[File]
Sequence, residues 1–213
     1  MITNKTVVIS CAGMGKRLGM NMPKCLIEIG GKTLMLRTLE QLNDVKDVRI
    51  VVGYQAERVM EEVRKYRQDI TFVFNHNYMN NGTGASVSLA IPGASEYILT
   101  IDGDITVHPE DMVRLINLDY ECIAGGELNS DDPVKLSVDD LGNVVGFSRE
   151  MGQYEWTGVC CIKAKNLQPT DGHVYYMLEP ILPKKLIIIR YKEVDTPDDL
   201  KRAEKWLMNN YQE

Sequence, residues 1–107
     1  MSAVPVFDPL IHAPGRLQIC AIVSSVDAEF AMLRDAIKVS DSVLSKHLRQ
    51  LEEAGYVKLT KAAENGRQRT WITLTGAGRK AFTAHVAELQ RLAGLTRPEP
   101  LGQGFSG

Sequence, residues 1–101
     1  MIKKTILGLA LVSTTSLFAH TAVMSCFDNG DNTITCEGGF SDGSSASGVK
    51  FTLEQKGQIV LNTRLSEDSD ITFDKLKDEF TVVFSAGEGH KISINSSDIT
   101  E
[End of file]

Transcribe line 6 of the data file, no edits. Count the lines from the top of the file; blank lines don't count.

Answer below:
   201  KRAEKWLMNN YQE